Whiskey’s New Frontier: American Single Malts

american single malt whiskey
For Lance Winters, the good old days of making American single-malt whiskey weren’t all that good. “The first few years we put our whiskey out, we were shunned at whiskey events,” says Winters, owner and distiller of St. George Spirits in Alameda, California. St. George began making whiskey in 1996, soon after distillery founder Jörg Rupf hired Winters based in part on Winters’ liquid résumé (a bottle of homemade whiskey), and St. George’s single malt was first released in 2000. “It was too young or too confusing—nobody wanted to drink it,” he says.

Oh, but things change. Sales of American whiskey surged by 6.8 percent by volume (and revenues by 7.7 percent) in the U.S. in 2016, topping $3.1 billion, according to the Distilled Spirits Council. And while bourbon, rye and Tennessee whiskey accounted for the biggest slices of that pie, American single malts are steadily increasing their share. When St. George first entered the whiskey arena 17 years ago, they were among a very small handful of distillers making single malts—but today, as the number of craft distilleries in the U.S. crosses into quadruple digits, more distillers are investigating ways to make this spirit feel at home in America.

The staple style of spirit from Scotland and, more recently, Japan, single malts are based on barley, rather than the corn and rye that long established the standard for American whiskies. For Paul Hletko, owner and distiller at Few Spirits near Chicago, and president of the American Craft Spirits Association, single malts make perfect sense for American distillers. “When you combine good quality with tradition and distinction, that’s really helped build the American whiskey category over the past 15 years,” says Hletko, who includes single malt in Few’s whiskey portfolio. “There are pockets that have helped drive that—bourbon’s renaissance, the rediscovery of rye—and over the past 24 to 36 months, American single malt has come up as well.”

As with Japanese whisky, many American distillers aimed at making replicas of scotch whisky in single malt’s earliest days. But producers including St. George are exploring ways to make American single malt very much its own thing. “We weren’t the first American single malt, but the one thing we can lay claim to is making the first American single malt that’s not derivative of scotch whisky,” Winters says.

“Everyone was making something similar to a whisky they’d seen, but Jörg’s instruction to me was to make something original to the conversation about whiskey.”

It’s a goal that more distillers are pursuing, including Matt Hofmann, master distiller at Seattle-based Westland Distillery. Unlike many craft distillers, Westland makes only one spirit—single malt whiskey. Since its founding in 2010, Westland has placed a Pacific Northwest imprint on the style, using Washington-grown barley, peat from the nearby Olympic Peninsula for smoking some of its malt, and barrels made of Oregon-harvested Garryana oak (a species native to the Northwest) as part of its Native Oak series. Hofmann says that from the start, finding a new path for single-malt whiskey was central to the whole idea. “When we started, there were a few single malts in the U.S., but I don’t think there was a big vision for what the concept of American single malt could be,” he says. “When we got into the business, we had a really clear understanding of what Americans could bring to the table when it comes to single-malt whiskey. We were able from the beginning to etch out that argument, and it’s become more obvious over time that American single-malt whiskey has real potential—not just as a novelty, but as a really compelling category.”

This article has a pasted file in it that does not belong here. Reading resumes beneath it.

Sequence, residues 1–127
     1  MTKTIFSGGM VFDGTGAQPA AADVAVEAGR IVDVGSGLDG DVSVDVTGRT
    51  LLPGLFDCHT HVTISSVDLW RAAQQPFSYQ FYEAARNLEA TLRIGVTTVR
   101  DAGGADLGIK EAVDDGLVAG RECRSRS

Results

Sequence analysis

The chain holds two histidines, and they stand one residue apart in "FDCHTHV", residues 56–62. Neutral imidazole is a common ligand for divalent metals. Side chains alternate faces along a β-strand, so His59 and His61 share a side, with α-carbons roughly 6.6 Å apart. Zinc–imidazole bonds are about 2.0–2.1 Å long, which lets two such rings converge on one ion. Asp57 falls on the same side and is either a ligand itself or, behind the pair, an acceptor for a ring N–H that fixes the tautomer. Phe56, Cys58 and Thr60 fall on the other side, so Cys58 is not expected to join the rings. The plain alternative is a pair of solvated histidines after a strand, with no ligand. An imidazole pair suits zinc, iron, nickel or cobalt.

But as more distillers turn to single malt, some of the more established producers have expressed concerns about maintaining quality and integrity. In 2016 more than 35 distilleries—including St. George, Westland and Few, along with single-malt pioneers such as Colorado’s Stranahan’s and New York’s Tuthilltown Spirits, and relative newcomers like Seattle’s Copperworks (an Imbibe 75 pick for 2017)—formed the American Single Malt Whiskey Commission, tasked with defining, protecting and promoting the burgeoning category. “That was a great education to see how many distillers came out of the woodwork for that, and we haven’t even remotely reached everyone yet,” Hofmann says. “Seeing the examples of single malts around the country, it’s exciting when you put it into the context of what American single malt can be. We’re seeing all kinds of local culture—Eastern single malts tend to be more traditional, and West Coast single malts appear more innovative—and the use of local terroir-oriented ideas, like the guys in the Southwest who are using mesquite-smoked malt, because that’s more natural for them to do.”

Even as the group defines standards, the door is still left open for creativity and innovation. For distillers like Winters and Hofmann, that door leads the way to the future of American single-malt whiskey. “[St. George vice president and distiller] Dave [Smith] and I went to Scotland in June,” Winters says. “My big takeaway was it’s a temple to all things whisky—but the biggest opportunity we have is that we can be a part of every step of making our whiskey, from distillation to bottle. We have a god’s-eye view of what this whiskey is about, whereas they’re so specialized and compartmentalized. In Scotland, the guy who malts the grain has nothing to do with the barrels—and in all likelihood, that whisky won’t be bottled until after he’s dead. The fact that we have a deeper connection to our whiskey means we’re not tethered to any tradition—we can do whatever we want.”


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